Hole in Ozone Layer Shrinks to Smallest Size in 30 Years

Monday, 06 November 2017 - 10:54AM
Earth
Monday, 06 November 2017 - 10:54AM
Hole in Ozone Layer Shrinks to Smallest Size in 30 Years
Image credit: NASA
Here's a rare victory for the environment we can all celebrate: The hole in the ozone layer is the smallest it's been since 1988

Of all the current subjects to be regularly debated surrounding the often controversial topic of climate change, one thing that doesn't get discussed too often any more is the hole in the ozone layer.

One upon a time, this was one of the biggest concerns that scientists were worried about. The overuse of underarm deodorants and spray paints were, scientists argued, slowly dissolving the thick layer of O3, better known as ozone, which surrounds the planet and shelters us from the rays of the sun.

These days, the subject isn't talked about half as much as it used to be, for one very important reason: unlike many other issues surrounding pollution and man-made climate change, the hole in the ozone layer is actually, slowly, repairing itself.

Back in 1987, after the publication of a paper documenting the harmful effects of chlorofluorocarbons (CFCs) and other chemical compounds in regular use at the time, world leaders got together to assess the problem. A large hole was forming in the ozone layer, it was clearly humanity's fault, and by banning certain chemicals, it would be possible to avert catastrophe.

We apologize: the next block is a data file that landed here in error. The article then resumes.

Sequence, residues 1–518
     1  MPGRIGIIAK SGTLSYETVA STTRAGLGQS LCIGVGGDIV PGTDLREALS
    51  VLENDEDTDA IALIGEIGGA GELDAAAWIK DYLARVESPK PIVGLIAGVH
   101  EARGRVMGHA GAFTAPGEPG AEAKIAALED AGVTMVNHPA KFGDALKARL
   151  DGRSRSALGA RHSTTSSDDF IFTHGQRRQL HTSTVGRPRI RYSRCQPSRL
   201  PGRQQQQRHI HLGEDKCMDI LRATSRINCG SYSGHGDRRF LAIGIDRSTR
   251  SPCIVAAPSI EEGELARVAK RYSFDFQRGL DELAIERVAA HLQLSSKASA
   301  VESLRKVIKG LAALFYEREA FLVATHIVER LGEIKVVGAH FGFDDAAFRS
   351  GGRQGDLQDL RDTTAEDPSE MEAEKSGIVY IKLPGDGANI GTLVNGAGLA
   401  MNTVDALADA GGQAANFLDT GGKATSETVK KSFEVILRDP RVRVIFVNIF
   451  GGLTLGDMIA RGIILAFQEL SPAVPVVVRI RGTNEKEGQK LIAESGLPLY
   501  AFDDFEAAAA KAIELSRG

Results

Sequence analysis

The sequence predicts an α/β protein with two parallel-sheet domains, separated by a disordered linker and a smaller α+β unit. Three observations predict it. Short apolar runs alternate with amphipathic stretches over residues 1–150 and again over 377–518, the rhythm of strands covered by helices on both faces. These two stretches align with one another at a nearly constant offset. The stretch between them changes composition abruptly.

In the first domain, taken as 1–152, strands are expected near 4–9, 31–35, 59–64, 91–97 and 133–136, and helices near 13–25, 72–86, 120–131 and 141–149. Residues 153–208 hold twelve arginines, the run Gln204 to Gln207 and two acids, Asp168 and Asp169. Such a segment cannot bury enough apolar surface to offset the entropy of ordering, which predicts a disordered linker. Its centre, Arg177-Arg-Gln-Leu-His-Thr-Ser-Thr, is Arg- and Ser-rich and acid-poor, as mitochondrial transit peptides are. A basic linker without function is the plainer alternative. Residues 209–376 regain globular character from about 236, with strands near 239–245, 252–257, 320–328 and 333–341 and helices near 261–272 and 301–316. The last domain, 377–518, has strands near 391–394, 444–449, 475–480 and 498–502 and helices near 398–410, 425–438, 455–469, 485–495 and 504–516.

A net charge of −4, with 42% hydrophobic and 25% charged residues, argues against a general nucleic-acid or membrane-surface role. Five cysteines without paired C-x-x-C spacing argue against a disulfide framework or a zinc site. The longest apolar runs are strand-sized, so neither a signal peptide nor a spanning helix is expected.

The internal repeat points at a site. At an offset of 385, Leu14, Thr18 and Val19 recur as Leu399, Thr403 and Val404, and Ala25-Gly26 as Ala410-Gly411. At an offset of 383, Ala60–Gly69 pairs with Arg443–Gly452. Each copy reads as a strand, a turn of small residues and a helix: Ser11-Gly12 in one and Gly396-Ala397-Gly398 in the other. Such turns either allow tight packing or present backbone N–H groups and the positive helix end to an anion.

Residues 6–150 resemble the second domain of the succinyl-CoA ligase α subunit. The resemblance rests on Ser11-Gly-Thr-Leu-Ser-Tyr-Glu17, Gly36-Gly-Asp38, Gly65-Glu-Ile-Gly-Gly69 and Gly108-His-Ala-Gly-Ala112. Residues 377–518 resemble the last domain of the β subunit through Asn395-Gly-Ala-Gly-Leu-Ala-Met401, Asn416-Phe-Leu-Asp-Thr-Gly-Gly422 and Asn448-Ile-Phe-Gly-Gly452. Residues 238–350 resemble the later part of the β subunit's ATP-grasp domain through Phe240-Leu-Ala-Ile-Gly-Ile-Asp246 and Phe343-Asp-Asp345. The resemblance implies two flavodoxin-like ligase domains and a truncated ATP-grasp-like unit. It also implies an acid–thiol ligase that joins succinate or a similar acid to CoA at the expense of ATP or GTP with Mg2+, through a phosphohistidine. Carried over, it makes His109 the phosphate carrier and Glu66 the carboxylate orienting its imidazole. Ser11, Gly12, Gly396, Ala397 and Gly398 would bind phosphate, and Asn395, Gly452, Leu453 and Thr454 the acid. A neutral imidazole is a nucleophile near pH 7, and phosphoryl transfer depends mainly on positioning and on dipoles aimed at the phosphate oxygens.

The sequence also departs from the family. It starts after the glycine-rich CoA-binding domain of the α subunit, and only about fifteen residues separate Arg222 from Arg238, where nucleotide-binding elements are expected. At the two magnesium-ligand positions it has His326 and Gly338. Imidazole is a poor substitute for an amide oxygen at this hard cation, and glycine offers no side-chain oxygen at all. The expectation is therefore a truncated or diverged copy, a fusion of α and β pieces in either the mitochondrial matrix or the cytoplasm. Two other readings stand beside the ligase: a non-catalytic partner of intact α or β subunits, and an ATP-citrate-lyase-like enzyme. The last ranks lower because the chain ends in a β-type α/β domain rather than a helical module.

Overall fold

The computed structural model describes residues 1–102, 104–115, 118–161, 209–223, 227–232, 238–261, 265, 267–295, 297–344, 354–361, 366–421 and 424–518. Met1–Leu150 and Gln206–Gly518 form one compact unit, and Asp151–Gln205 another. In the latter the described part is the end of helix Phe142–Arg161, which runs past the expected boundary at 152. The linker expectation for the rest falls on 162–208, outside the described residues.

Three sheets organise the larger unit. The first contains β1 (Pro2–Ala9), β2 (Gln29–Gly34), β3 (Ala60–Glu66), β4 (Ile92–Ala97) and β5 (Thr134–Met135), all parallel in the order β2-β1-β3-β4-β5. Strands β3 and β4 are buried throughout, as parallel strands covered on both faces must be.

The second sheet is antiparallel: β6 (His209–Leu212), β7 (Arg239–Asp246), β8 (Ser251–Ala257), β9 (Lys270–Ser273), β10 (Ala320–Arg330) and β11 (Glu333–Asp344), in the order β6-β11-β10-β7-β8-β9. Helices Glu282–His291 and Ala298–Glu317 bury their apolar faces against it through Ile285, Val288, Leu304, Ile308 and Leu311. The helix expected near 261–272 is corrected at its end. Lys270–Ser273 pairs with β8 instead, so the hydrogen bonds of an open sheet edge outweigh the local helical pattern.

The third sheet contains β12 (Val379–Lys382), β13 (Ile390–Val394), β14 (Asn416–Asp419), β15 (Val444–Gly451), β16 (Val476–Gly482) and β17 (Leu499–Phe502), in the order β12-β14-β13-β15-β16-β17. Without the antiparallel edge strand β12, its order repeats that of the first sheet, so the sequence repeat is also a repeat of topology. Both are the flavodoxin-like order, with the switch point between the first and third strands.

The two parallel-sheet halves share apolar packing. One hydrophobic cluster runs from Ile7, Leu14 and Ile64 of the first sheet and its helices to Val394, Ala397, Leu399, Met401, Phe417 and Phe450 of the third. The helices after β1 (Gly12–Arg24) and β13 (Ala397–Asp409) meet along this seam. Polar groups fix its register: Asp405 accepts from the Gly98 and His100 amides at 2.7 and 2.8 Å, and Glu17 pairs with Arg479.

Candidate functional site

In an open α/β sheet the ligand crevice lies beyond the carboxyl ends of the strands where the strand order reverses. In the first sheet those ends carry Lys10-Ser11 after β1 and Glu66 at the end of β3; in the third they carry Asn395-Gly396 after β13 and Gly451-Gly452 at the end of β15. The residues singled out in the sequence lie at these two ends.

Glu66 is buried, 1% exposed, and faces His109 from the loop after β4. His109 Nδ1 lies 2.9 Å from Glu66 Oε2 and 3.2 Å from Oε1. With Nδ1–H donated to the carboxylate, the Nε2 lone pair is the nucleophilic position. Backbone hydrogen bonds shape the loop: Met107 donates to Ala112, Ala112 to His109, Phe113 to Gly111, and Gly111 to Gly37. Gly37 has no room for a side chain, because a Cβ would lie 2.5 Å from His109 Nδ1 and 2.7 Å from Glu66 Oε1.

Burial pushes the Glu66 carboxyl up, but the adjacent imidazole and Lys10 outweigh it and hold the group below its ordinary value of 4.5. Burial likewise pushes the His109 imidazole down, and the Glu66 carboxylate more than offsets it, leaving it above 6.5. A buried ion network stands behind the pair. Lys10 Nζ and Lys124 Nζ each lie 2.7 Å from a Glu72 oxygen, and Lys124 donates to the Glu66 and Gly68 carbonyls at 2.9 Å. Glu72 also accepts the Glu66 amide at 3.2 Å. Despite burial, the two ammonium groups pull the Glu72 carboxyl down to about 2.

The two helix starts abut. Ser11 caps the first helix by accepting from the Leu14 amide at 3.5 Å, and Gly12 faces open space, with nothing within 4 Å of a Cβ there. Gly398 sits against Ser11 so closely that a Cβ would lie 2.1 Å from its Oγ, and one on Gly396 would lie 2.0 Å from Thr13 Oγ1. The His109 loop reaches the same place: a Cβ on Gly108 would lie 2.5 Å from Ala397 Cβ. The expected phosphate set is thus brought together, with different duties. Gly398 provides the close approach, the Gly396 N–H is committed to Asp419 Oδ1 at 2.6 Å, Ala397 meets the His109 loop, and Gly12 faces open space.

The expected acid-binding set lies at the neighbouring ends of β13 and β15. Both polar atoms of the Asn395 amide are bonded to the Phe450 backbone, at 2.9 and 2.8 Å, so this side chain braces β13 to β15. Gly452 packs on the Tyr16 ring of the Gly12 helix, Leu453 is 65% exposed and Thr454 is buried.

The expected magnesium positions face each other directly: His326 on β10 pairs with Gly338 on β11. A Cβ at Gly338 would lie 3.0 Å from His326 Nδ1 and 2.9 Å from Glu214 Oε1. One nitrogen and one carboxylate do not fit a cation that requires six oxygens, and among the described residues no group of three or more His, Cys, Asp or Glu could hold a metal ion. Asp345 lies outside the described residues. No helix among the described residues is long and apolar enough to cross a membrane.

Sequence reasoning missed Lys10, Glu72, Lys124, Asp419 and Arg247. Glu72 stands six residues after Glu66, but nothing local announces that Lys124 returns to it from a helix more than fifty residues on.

Positive action was taken, CFCs were banned, and now, 30 years later, the hole in the ozone layer is the smallest it's been in 29 years

Of course, the work is far from done. It'll take until 2070 for the hole in the ozone layer to shrink to the size that it was in 1980. O3 doesn't grow back overnight, and there's still a long way to go before the holes, around the planet's poles, will be completely filled in.




What matters, though, is that progress is being made.

Scientists estimate that if the landmark agreement to ban CFCs worldwide hadn't been taken, by today, almost 17 percent of the ozone would have been completely destroyed, and by 2065, our planet would have absolutely no ozone layer left whatsoever, effectively spelling the demise of our species.

That's a big sacrifice to make for a few cans of old-fashioned hairspray. (And that's really saying something, considering we agreed to cut back in the '80s.)

The success that we've seen in reversing the damage that's been done to the ozone proves that the world's governments can realistically work together to protect our species from our own self-destructive tendencies.

There's plenty of reasons to be optimistic about the future of pollution prevention—with many of the world's major polluters, including huge countries like China, now committing to using cleaner energy sources, if we all work together, we might be able to avoid the kinds of catastrophes that will inevitably ensue if we take advantage of our planet's resources.

If we're very lucky, and if we all work together, we might just be able to salvage our planet's delicate environment and avoid completely ruining this rock we call home.

We've stopped hurting the ozone layer; here's hoping that in the schools of the future, pollution will only be taught in history class.
Science
NASA
Earth
Hole in Ozone Layer Shrinks to Smallest Size in 30 Years
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